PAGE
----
Collection consists primarily of snapshots of Eldridge Cleaver's career from the
mid-1960s to the early 1980s. Earliest materials relate to his affiliation with the Black Panther Party. Also
contains photographs taken during his exile abroad from 1968 to 1975. The majority of photographs was taken
after Cleaver's 1975 return to the United States and relate primarily to his activities in conservative politics
and the evangelical Christian movement.
Leroy Eldridge Cleaver was born on August 3, 1935 in Wabbaseka, Arkansas. In 1956 his family moved to Los
Angeles. During his youth he was convicted for various theft and drug offenses and spent time in reformatories
and the California State Prison at Soledad. In 1958 he was convicted of assault and spent 8 years in the San
Quentin and Folsom prisons. During this period of incarceration he became a member and minister of the Nation of
Islam and a follower of Malcolm X. With the assistance of attorney and lover Beverly Axelrod, Cleaver had
several of his prison writings published in the left-wing periodical Ramparts. The
support which his writings earned him from the U.S. intellectual community was influential in gaining Cleaver's
release from prison in 1965. In 1967, while living in the San Francisco Bay Area, Cleaver married Kathleen Neal,
an activist in the Student Nonviolent Coordinating Committee. That same year he befriended Huey P. Newton and
Bobby Seale, co-founders of the Black Panther Party, and soon became the Party's Minister of Information. The
following year Cleaver published Soul On Ice -- a collection of essays named Book
of the Year by the New York Times -- and ran as a candidate for the U.S. Presidency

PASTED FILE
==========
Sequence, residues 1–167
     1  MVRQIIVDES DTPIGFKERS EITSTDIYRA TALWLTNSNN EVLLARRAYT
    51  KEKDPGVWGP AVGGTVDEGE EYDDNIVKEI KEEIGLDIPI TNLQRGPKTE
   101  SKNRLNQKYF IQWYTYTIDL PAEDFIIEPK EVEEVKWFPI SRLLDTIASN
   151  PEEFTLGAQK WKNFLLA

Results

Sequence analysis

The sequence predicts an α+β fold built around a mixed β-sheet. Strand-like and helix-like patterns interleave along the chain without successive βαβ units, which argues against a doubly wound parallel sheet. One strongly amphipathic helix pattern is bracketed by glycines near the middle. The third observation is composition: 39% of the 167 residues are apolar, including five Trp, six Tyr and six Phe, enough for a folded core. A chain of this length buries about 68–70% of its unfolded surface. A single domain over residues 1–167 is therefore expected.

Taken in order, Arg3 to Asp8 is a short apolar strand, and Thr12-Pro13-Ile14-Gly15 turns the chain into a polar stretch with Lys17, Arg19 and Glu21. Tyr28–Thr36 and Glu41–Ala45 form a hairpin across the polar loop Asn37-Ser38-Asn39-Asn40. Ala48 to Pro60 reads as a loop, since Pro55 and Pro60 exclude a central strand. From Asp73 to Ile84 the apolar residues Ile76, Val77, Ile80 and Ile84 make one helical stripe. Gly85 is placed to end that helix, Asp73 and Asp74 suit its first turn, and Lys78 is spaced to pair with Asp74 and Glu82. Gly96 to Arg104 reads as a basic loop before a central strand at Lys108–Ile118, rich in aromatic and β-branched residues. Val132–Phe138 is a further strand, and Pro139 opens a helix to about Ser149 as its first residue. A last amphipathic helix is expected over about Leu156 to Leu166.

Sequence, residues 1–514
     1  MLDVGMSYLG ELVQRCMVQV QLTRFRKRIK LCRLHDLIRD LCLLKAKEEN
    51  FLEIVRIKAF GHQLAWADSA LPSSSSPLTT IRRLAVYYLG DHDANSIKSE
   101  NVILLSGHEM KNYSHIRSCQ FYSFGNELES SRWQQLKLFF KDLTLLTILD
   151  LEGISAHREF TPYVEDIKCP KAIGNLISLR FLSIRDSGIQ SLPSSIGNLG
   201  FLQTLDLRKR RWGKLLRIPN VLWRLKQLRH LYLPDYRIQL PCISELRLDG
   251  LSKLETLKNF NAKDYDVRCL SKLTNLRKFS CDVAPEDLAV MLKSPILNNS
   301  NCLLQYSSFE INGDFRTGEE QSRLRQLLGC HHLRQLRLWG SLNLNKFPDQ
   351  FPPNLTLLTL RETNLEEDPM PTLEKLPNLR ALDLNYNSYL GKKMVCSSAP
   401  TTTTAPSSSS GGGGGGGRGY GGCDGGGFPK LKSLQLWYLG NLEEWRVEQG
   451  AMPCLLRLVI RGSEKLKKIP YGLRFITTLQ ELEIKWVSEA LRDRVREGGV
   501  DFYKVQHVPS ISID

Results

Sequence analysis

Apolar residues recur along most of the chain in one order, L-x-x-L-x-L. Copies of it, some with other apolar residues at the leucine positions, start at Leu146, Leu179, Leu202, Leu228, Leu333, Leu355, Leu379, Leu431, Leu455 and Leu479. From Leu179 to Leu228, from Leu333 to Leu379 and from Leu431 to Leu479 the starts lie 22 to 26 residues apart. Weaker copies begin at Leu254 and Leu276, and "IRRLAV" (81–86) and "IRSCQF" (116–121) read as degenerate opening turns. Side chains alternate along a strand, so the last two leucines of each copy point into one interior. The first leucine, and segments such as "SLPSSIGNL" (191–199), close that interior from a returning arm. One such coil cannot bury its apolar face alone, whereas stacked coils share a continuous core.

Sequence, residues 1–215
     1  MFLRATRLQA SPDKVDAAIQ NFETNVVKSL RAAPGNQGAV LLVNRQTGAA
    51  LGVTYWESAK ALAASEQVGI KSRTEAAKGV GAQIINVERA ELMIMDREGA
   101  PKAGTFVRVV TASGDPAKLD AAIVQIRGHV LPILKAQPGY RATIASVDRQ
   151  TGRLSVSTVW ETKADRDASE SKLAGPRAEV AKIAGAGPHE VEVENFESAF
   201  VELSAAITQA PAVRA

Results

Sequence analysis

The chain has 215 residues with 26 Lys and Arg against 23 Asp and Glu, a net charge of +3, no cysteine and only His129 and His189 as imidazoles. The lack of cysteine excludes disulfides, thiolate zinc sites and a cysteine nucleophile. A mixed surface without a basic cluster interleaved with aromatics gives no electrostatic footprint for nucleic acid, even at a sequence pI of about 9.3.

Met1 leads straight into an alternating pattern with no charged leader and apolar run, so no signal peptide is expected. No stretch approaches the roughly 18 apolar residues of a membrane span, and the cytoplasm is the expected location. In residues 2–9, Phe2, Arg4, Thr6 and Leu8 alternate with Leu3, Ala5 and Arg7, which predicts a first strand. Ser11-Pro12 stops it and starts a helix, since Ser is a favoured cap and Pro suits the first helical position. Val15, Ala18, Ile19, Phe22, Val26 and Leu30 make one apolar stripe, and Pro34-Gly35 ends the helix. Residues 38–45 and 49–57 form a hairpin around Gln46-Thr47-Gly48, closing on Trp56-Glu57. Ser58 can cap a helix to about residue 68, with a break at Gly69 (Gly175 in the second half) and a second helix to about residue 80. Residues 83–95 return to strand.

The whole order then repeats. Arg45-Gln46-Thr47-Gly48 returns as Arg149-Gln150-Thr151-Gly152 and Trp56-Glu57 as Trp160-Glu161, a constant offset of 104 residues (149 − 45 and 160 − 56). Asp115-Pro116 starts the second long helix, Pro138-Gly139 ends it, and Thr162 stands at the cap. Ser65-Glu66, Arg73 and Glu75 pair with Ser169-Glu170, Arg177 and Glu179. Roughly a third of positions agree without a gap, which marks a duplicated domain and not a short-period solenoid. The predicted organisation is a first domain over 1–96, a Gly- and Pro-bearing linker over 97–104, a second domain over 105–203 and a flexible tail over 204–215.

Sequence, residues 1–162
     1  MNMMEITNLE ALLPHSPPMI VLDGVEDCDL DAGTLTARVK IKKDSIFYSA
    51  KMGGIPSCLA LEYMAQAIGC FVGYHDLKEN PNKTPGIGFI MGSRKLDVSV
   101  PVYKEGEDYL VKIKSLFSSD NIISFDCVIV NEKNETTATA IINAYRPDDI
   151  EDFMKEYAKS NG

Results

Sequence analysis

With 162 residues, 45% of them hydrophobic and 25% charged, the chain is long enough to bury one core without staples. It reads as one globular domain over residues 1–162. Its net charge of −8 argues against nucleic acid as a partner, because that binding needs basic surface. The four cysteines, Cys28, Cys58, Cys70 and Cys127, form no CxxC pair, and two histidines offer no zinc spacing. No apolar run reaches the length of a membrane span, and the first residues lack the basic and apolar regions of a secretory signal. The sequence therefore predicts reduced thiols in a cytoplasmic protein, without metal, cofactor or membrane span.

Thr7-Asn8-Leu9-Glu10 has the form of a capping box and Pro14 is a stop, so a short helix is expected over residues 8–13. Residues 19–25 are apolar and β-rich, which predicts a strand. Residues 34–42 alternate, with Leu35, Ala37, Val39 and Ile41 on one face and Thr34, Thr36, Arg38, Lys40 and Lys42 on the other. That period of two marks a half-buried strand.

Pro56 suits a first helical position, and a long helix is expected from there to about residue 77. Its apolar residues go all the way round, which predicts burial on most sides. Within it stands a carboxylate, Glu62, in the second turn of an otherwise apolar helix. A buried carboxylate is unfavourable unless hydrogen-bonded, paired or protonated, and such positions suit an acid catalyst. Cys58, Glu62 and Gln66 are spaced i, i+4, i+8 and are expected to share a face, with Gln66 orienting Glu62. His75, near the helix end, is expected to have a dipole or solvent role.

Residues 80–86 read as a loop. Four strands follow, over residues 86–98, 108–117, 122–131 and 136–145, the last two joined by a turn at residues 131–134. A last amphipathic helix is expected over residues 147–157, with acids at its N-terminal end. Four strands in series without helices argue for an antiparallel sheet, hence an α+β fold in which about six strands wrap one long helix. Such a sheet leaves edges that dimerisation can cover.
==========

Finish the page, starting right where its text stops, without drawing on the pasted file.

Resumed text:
for the Peace and Freedom Party. Later that year Cleaver and fellow Black Panther Bobby Hutton were involved in
a shootout with Oakland Police. Hutton was killed and Cleaver was charged with murder. While awaiting trial,
Cleaver fled to Cuba. He would spend the next seven years in exile, living also in Algeria and Paris during that
time. During his exile, Cleaver formed the International Section of the Black Panther Party in Algeria; met with
political leaders in North Vietnam, North Korea and China; quickly became disillusioned with Marxist-Leninist
beliefs; and eventually broke ties with the Black Panthers. During this time he and Kathleen had two children,
Antonio Maceo and Joju. While in Paris, Cleaver experienced a spiritual transformation which led to his
conversion to Christianity and conservative politics. In 1975 Cleaver negotiated with the F.B.I. for his return
to the United States as a prisoner. In 1977, after his renunciation of his earlier political activity and his
release from prison, he founded the Eldridge Cleaver Crusades, an evangelical Christian movement. Cleaver would
later have affiliations with Sun Myung Moon's Collegiate Association of Research Principles and the Mormon
Church. In the 1980s Cleaver ran two unsuccessful campaigns for U.S. Congress. He later became addicted to crack
cocaine and was arrested on several drug-related charges. In 1987 Kathleen Cleaver divorced him. In the 1990s
Cleaver kicked his addiction and worked as a diversity consultant for the University of La Verne in Southern
California. Eldridge Cleaver died May 1, 1998.
Number of containers: 10 boxes, 1 oversize folder (circa 1,720 photographic prints, circa 480 negatives,
circa 440 slides).
Copyright has not been assigned to The Bancroft Library. All requests for permission to publish or reproduce
must be submitted in writing to the Head of Public Services. Permission for publication is given on behalf of
The Bancroft Library as the owner of the physical items and is not intended to include or imply permission of
the copyright holder, which must also be obtained by the user. See: http://bancroft.berkeley.edu/reference/permissions.html.
Collection is open for research, with the following exceptions: RESTRICTED NEGATIVES: Use of negatives only
by permission of the appropriate curator. Inquiries concerning these materials should be directed, in writing,
to the Head of Public Services, The Bancroft Library.